Agreeing the financial nuts and bolts of a construction project takes a lot of time and effort.
However, all of that could be put at risk if no contract is agreed and signed.
Putting a contract in place should, perhaps, be the top KPI for all parties.
And there are other simple contractual issues that can be easy to miss, with potentially significant consequences – just dip into the law reports to see what can go wrong.
So here are some common contract traps, easy to fall into but important to avoid.
A letter of intent is not for life (of the project)
It’s a short-term fix to get a project under way in the absence of a finalised contract, but it is usually light on important ingredients.
For example, it may have an expiry date or a ceiling on expenditure because the expectation is that a contract will materialise. There can be problems if it does not.
What – no contract?
Two years after a football stadium opened, a judge found that two of the major players in its construction had no contract.
“Proving what is a reasonable sum can be a long and tedious task”
This meant the subcontractor concerned was entitled to payment, not to the contract price, which had been carefully priced, but on a quantum meruit basis (a reasonable sum for each element of its work).
Proving what is a reasonable sum can be a long and tedious task.
Keeping the right company
Make sure you check the identity of whoever is contracting with you.
When a tenderer described itself as the ‘Cuddy Group’, the employer’s solicitors searched for the company that would enter into the building contract and found a Cuddy company, which was entered as the party to the building contract. It turned out to be the wrong one.
Would the court rescue the situation because it was clear what was intended? In that case, no.
Who did you say you were?
If you are signing a contract, make very clear on what basis you are signing.
Is it in your personal capacity? Or on behalf of someone else? If so, is that someone or company clearly identified?
The sole director and shareholder of a limited company signed a contract, which included the trading name of the company underneath his signature, but no reference to the limited company or its name.
That was not enough to make the company a party and the director was considered to have signed in his personal capacity.
Put it in writing – promptly
Perhaps you have reached an oral agreement on the phone.
“If there is a dispute you can expect the court to be looking at what was said and done by the parties after the alleged agreement”
Make sure you record and confirm what was agreed with the other party straight away.
If there is a dispute you can expect the court to be looking at what was said and done by the parties after the alleged agreement. Written confirmation of the details could be very helpful.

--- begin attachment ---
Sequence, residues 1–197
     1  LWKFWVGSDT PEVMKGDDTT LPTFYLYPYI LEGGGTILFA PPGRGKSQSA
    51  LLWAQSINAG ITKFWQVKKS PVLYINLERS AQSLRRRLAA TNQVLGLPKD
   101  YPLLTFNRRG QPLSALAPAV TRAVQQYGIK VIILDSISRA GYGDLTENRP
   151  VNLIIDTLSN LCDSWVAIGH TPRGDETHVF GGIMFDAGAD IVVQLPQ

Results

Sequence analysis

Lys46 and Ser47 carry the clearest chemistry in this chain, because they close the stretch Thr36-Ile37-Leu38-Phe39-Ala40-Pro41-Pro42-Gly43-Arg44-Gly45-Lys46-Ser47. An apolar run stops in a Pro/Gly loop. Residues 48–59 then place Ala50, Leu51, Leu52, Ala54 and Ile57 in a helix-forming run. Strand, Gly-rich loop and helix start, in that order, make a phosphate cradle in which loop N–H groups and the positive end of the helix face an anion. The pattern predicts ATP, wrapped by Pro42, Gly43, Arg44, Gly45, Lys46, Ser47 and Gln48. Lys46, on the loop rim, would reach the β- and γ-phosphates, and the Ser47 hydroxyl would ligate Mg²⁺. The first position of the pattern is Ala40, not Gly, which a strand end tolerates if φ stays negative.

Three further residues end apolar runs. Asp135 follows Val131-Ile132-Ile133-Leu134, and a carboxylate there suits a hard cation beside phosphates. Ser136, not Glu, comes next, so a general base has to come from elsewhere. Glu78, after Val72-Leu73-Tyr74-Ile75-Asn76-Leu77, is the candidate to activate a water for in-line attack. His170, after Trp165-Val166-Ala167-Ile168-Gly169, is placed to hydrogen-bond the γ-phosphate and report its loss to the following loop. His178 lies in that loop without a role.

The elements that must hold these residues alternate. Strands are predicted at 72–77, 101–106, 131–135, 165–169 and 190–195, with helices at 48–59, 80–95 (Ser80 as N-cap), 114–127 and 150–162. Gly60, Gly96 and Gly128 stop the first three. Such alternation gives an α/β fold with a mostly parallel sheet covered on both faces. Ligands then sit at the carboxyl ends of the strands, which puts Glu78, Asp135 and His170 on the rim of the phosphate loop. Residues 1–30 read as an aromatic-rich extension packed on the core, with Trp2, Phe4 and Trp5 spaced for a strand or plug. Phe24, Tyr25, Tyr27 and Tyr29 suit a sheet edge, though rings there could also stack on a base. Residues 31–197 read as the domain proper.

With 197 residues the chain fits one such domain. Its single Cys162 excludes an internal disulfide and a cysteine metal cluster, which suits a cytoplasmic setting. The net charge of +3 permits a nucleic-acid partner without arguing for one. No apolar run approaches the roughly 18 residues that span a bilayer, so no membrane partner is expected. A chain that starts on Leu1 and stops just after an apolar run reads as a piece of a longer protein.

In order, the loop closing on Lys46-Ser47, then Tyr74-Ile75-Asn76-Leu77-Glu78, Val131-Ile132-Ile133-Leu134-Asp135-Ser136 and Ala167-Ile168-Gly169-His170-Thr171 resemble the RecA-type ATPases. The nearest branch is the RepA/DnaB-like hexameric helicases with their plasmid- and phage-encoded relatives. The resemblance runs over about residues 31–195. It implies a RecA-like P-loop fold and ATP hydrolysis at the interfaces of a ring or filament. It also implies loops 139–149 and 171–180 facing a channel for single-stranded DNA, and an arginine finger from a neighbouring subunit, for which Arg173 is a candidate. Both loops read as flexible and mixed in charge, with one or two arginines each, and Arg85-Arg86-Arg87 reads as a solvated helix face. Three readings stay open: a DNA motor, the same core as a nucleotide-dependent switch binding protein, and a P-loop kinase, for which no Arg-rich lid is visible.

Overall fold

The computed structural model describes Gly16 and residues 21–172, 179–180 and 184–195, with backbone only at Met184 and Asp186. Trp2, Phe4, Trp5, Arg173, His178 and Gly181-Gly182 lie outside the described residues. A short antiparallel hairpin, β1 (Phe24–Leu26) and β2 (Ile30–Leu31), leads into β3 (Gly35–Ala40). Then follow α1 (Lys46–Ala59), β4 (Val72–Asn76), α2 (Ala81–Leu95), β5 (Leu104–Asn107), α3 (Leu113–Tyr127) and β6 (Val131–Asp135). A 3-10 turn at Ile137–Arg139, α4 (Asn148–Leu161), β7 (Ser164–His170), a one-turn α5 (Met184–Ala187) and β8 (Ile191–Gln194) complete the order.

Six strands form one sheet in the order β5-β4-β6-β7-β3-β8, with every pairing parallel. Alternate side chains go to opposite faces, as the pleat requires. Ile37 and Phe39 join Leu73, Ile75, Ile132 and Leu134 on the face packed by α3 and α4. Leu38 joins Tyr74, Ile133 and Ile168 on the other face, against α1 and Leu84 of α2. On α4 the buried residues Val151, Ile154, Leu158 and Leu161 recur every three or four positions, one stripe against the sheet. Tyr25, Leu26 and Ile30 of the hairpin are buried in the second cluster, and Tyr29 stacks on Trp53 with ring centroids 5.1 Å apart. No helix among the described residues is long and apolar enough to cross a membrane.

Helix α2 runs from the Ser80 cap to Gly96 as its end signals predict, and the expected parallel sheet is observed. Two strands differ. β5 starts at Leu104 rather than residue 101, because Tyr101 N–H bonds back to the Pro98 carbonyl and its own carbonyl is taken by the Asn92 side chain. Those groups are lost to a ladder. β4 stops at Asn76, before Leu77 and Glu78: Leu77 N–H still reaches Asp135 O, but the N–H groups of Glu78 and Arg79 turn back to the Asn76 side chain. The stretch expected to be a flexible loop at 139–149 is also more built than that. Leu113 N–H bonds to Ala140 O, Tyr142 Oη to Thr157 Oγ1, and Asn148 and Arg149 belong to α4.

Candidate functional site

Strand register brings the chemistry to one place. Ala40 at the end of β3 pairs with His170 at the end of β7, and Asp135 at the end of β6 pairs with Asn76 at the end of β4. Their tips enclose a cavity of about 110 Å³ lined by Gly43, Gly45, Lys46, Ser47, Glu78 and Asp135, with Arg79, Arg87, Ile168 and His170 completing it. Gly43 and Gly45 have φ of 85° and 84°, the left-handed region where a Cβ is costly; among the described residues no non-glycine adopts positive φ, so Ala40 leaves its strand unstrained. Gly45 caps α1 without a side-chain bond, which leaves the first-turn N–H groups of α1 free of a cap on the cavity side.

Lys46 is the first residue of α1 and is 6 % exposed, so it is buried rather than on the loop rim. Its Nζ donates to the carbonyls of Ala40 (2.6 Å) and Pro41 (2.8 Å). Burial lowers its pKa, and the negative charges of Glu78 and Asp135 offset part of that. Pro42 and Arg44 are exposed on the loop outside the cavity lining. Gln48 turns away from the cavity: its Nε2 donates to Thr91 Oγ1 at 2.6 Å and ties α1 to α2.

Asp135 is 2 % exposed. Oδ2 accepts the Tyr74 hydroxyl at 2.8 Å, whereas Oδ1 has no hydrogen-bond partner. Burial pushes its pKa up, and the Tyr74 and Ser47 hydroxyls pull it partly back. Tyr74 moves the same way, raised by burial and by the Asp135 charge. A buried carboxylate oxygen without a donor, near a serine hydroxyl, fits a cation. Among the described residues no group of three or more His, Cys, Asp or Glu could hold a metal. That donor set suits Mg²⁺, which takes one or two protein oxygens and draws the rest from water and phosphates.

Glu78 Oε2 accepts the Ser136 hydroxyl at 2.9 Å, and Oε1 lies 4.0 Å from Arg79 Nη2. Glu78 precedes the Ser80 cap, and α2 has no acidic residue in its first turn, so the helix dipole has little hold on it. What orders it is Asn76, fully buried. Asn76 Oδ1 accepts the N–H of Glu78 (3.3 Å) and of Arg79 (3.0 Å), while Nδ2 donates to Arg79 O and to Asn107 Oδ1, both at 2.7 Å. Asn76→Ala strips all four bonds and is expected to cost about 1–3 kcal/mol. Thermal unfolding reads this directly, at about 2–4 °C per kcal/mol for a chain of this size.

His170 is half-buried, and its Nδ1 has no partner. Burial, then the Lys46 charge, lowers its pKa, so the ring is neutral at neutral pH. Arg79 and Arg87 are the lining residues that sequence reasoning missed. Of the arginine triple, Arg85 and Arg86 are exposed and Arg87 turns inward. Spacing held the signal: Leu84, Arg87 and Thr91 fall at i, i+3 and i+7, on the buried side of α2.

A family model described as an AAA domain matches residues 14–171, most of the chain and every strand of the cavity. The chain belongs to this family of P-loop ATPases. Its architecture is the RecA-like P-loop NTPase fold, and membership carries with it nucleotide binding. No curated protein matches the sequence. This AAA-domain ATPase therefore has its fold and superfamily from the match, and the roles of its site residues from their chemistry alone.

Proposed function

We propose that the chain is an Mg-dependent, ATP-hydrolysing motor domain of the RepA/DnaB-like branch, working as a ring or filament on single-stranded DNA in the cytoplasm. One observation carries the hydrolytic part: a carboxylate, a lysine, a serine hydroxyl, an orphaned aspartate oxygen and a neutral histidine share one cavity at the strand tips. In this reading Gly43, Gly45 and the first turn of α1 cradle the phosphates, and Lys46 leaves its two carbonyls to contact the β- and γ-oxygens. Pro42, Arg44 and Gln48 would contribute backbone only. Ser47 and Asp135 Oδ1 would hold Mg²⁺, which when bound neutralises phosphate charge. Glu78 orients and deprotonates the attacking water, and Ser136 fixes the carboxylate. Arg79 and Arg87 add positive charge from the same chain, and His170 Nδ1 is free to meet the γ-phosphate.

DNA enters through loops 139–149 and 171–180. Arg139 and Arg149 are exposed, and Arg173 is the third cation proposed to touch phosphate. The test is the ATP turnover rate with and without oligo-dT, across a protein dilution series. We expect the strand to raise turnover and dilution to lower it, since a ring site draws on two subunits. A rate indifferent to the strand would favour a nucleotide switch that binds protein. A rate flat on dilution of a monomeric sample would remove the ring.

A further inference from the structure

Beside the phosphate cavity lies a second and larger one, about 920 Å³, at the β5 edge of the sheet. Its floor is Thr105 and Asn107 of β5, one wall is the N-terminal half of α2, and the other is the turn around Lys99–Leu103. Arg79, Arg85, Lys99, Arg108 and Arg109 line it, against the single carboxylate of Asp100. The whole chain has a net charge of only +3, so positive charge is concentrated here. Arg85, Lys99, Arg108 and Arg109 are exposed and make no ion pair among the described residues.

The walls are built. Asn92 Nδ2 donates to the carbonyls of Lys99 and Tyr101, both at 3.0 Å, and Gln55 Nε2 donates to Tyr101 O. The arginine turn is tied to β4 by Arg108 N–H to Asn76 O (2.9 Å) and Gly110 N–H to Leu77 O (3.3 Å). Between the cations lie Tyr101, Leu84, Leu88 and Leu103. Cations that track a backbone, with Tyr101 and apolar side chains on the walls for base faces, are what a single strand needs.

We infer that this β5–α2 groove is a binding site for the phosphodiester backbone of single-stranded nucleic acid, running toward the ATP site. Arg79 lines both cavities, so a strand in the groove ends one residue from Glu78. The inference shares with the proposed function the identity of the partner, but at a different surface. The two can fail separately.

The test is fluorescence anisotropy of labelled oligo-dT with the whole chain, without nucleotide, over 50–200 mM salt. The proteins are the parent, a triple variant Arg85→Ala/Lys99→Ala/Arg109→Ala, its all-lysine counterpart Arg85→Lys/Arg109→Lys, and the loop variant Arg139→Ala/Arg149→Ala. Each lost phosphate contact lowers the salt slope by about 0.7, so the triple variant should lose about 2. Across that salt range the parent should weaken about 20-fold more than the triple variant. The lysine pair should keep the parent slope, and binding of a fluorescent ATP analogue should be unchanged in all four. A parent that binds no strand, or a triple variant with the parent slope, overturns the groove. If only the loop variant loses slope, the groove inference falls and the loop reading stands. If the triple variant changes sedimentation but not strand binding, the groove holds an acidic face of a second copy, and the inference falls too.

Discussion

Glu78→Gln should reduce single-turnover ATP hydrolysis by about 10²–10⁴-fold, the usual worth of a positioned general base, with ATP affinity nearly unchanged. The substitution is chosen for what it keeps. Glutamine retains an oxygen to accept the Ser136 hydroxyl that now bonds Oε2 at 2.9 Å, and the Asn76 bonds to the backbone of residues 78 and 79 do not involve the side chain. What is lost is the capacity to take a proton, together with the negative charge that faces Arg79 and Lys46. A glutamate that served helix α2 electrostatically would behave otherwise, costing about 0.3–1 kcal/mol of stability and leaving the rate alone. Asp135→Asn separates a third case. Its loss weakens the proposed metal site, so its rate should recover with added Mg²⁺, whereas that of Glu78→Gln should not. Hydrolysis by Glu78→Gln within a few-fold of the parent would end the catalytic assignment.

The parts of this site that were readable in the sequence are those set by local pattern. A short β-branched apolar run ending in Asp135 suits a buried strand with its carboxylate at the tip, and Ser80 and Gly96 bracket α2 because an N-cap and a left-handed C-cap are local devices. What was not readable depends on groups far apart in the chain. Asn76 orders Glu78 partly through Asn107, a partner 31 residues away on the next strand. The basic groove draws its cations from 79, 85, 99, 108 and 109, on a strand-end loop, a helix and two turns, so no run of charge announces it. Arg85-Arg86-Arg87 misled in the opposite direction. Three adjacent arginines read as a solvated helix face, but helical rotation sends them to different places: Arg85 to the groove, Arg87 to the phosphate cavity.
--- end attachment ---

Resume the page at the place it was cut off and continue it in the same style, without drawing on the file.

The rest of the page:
And don’t forget Mrs Carlill
A binding contract can come into existence even though you have not signed any thing.
For example, simply getting on with the works, without first responding to an order and attached contract terms, might be enough to constitute acceptance by conduct (which is what Mrs Carlill did in the famous Carbolic Smoke Ball case).
If works are carried out and paid for, a court will need convincing that there is no contract.
How do you know it’s a variation?
Make sure the scope of the work is clearly recorded.
You may think that everyone is clear about what needs to be done, but there are advantages in recording it carefully.
It may be a tedious task but it could later be invaluable as a yardstick for determining whether work is, or is not, a variation.
Say what you mean
Check that you understand and are happy with all the contract wording.
“Avoid legal debate on the point by carefully checking and agreeing the wording of contract obligations and liabilities”
For example, liability for ‘consequential loss’ might be excluded, but what do those words mean?
The English courts have said ‘consequential loss’ means indirect loss, which is only recoverable if attention is drawn to it as a potential head of loss when the contract is made.
Loss of profit may or may not be consequential, depending on the circumstances. Avoid legal debate on the point by carefully checking and agreeing the wording of contract obligations and liabilities.
I want my terms to apply
If you would like your carefully drafted standard T&Cs to apply to your contract, particularly if you are sending them by fax or email, make sure you give the other party reasonable notice of them and make clear that you intend to rely on them.
This can be achieved by referring to your terms on the front of the order or acknowledgement and sending a copy by fax or email.
There may, of course, be a battle of the forms if the other party also wishes to rely on its standard terms in the same way, but at least the other party can’t complain that they have not had notice of your terms.
Do you know your limits?
Check and comply with all contract time limits.
NEC 3, for instance, opens with a welcoming reference to mutual trust and co-operation, but then operates a zero-tolerance policy on time limits. Just look at clause 61.3 for a start. Be careful.
Amber Chew is a senior associate and Jonathan Olson-Welsh a partner in the construction and engineering group at Mayer Brown International